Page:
Jan. 10 2014 06:30 PM

Change is often good, but sometimes it's just unnecessary

spoon photo
The chorizo-and-clam paella
Photo by Mina Riazi

Poutine is one of Canada's cheesiest exports—second only to Justin Bieber. Hot gravy gets ladled over thick-cut fries and cheese curds, softening the fries and melting the cheese. Classic poutine relies on these three basic ingredients, but the dish's recent surge in popularity has birthed an ever-growing gang of imposters. You might come across a poutine wannabe while ordering a plateful of pork-belly sliders from your favorite food truck. Or maybe you'll spy a phony as you're leaving your neighborhood gastropub. Caramelized onions and grilled peppers and ribbons of beef are all suddenly part of the "poutine" picture, too—among a slew of other ingredients. 

Although far from the Quebec original, the poutine served at 100 Wines (1027 University Ave. in Hillcrest) is delicious. Duck confit and salty cubes of pancetta meet on a heap of matchstick fries, and a nutty Parmesan reduction replaces the gooey clump of cheese curds. Then, the distance between the 100 Wines appetizer and the three-piece classic grows even more—thanks to a dusting of fresh herbs. But, really, it doesn't matter whether there's green in your poutine—the 100 Wines spin-off is so delightful that you won't care. Thin and crisp, the matchstick fries surprisingly complement the meaty toppings. The dish can do without the pancetta's pungent saltiness, but the duck is tender and flavorful.

A member of the Cohn Restaurant Group, 100 Wines struggles to find footing in other areas. With its dim lighting, bare bulbs and Mason-jar cocktail glasses, the place channels a sleek-but-crafty vibe. It's an aesthetic that swirls together the low-key with the upscale, and it seems to be trending in the restaurant world right now. 

The 100 Wines ambience might be packed with personality, but, at times, the menu falls short. The paella, though good, lacks the layers of texture that the dish usually flaunts: There's no sign of socarrat, or toasted, bottom-of-the-pan rice, and crisped Arborio could have saved my paella from its uniform, nearly rice-pudding-like consistency. Even more confusing is the paella's one-line menu description, which begins with the words "saffron risotto." Although they're both often prepared with Arborio rice, paella and risotto are distinctively different, so I don't understand why their identities are being fused as if they're one and the same.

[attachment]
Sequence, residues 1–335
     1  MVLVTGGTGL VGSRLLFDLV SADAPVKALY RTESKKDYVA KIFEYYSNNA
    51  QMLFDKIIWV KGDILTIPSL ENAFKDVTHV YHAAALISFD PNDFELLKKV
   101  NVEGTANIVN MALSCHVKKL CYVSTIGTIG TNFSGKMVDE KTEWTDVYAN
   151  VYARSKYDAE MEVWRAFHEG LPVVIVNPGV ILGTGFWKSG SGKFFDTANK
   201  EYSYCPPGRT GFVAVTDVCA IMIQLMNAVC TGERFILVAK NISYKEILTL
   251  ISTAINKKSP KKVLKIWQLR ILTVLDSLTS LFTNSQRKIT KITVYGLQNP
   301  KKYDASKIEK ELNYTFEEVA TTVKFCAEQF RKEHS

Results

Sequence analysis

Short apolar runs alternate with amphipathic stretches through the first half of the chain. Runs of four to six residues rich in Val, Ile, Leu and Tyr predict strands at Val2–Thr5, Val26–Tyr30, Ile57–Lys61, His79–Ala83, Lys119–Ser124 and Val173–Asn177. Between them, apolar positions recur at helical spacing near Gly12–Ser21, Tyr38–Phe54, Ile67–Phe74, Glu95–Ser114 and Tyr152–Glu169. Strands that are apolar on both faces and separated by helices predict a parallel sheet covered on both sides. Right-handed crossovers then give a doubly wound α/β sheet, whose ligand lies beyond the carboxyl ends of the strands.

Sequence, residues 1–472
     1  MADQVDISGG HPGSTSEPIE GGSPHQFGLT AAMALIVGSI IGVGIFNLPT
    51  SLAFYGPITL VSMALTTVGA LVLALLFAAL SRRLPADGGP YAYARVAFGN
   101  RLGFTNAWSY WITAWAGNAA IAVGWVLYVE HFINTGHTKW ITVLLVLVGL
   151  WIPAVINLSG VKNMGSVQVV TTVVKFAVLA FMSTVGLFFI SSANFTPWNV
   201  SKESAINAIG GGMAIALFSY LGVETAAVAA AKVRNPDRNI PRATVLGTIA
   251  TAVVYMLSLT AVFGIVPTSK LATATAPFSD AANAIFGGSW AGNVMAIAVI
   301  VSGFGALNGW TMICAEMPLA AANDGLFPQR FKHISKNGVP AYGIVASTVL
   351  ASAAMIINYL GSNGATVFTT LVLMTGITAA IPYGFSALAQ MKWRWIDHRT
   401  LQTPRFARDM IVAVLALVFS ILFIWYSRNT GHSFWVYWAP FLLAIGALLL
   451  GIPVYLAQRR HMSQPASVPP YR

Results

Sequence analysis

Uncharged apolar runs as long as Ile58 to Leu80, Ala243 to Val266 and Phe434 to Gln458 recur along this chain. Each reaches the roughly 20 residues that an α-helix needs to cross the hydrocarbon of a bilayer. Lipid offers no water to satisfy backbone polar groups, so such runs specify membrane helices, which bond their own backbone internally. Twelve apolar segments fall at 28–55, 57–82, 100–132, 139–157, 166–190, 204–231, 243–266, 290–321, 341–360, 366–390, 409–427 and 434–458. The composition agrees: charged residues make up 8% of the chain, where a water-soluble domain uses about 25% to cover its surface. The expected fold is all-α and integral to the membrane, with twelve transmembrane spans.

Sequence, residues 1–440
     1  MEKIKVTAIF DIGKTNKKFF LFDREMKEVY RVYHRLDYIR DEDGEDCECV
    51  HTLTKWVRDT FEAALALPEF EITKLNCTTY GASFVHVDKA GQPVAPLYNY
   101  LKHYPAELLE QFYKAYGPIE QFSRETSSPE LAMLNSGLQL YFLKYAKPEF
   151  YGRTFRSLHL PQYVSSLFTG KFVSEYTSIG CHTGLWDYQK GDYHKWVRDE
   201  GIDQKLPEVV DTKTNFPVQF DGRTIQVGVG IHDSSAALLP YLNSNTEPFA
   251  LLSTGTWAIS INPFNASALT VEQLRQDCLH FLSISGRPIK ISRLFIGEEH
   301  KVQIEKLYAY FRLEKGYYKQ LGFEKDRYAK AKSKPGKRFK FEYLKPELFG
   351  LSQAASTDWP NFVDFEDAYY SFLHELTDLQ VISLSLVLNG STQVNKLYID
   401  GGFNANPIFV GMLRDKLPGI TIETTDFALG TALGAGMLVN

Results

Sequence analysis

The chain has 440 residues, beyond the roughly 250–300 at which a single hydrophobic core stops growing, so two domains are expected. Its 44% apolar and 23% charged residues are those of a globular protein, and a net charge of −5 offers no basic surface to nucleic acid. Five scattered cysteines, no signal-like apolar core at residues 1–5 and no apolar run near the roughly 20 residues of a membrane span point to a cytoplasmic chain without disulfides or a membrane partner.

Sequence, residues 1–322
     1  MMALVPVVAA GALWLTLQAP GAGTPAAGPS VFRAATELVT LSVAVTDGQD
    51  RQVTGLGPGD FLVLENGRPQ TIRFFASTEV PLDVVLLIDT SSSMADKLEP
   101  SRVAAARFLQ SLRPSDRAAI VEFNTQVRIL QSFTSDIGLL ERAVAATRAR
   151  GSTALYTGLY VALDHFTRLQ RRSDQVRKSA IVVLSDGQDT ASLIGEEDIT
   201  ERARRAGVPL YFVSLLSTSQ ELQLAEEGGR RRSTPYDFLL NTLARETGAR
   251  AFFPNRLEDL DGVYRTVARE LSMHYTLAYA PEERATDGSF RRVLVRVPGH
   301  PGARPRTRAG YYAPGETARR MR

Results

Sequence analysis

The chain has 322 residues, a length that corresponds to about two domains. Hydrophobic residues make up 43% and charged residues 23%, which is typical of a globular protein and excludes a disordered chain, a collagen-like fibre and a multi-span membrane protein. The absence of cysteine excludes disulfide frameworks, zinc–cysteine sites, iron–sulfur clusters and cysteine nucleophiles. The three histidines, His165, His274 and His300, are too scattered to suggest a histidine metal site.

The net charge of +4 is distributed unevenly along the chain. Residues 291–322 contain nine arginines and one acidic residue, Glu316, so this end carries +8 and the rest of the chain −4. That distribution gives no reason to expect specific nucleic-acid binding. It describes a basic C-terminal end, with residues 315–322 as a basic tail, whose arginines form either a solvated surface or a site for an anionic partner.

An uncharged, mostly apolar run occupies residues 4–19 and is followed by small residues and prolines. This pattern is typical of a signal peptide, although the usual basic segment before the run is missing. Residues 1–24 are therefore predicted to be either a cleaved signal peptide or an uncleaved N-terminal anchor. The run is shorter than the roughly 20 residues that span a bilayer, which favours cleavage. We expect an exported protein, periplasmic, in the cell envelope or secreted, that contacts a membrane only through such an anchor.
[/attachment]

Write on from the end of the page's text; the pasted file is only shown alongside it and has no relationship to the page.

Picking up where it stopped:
On the other hand, a cast of harmonizing ingredients forms the fig-and-bacon pizza. Sweet dried figs offset the salty bacon, and oven-roasted tomatoes—an unexpected player—cut the richness with their acidity. A mild smoked gouda forms the base, and altogether it's a sturdy choice for pizza. 

The salads—specifically the kale Caesar and autumn panzanella—are both toothsome options. Croutons are swapped out for a single Parmesan crostino in the Caesar while kale stands in for romaine. It's like Caesar salad grew up and got a mortgage. 100 Wines' take on the Tuscan panzanella is equally delectable. 

There's no question about it—100 Wines likes remixing classics. In the case of the poutine and the salads, it works. The paella-risotto hybrid, though, needs some rethinking. 


Write to minar@sdcitybeat.com 

Calendar

  • Visit one of the 70 participating restaurants, bars, coffeehouses and nightclubs in town on this night and 25 to 50 percent of sales will go to local HIV/AIDS services and prevention programs. 
  • Anthony Bernal and Chris Ward, who are vying to replace Todd Gloria on the San Diego City Council, will discuss urban issues, such as parking, homelessness and new developments
  • The new exhibition designed by Dave Ghilarducci is made from hundreds of rolls of packing tape and bound together by layers of plastic shrink-wrap. Visitors can navigate their way through cocoon-like passageways...
  • The renowned Mexican black and white photographer presents an exhibition exploring the principal themes within three groups: "Bestiarium"," Fantastic Women" and "Silent Natures."
  • Presented by Pacific Arts Movement, the sixth annual mini film fest features 14 film programs from 10 countries that includes everything from docs to romantic tearjerkers. See website for full lineup and...
  • The San Diego County Bike Coalition hosts this monthly bike-in happy hour event to get biking residents involved in their communities and discuss bike projects planned for that specific community
  • Debunk some of the stereotypes surrounding cannibalism at this new exhibition that takes a hands-on approach to the subject. Includes video games and interactive activities where patrons will have to decide...
  • So Say We All's monthly storytelling night features stories about those jobs we took because we had to take a job. Featured readers include Allison Gauss, Annmarie Houghtailing, Cecile Estelle, and more
  • Artists from the all-abstracts group show will talk about their work and techniques. Artists include Edwin Nutting, Danielle Nelisse, Leah Pantea, Lenore Simon, and more
See all events on Thursday, Apr 28